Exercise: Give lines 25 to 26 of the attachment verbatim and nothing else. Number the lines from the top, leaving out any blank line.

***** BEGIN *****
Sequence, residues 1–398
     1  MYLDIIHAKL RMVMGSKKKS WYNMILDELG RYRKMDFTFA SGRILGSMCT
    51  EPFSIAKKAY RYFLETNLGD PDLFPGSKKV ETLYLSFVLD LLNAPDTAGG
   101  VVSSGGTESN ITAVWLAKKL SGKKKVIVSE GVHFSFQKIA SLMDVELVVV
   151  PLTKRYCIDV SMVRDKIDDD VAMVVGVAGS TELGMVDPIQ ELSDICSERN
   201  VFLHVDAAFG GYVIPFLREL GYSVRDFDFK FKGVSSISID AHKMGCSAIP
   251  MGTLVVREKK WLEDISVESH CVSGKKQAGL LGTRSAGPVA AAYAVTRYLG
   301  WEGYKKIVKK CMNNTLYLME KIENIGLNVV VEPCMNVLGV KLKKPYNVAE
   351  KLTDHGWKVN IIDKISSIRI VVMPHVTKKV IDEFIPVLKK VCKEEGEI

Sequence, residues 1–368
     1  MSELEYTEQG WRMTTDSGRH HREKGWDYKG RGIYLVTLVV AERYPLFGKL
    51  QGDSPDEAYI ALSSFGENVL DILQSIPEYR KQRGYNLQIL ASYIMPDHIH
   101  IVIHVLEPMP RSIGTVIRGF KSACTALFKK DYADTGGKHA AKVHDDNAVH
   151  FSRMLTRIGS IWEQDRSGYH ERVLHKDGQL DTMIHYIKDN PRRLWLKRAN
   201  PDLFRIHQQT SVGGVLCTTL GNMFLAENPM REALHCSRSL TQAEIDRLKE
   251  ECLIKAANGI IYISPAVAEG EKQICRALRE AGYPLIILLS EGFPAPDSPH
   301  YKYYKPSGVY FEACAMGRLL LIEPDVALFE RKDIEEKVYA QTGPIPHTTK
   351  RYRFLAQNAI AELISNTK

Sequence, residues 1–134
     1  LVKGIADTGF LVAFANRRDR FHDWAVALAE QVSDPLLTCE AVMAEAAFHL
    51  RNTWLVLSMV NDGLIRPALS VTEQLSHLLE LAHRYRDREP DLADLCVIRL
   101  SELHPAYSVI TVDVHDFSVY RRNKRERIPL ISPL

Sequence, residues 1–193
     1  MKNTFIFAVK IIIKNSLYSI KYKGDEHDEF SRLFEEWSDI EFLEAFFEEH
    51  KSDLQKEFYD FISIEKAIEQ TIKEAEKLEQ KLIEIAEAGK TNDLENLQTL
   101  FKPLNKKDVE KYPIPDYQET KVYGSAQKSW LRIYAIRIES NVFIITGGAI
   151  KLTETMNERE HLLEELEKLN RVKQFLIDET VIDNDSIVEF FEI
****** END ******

    51  KSDLQKEFYD FISIEKAIEQ TIKEAEKLEQ KLIEIAEAGK TNDLENLQTL
   101  FKPLNKKDVE KYPIPDYQET KVYGSAQKSW LRIYAIRIES NVFIITGGAI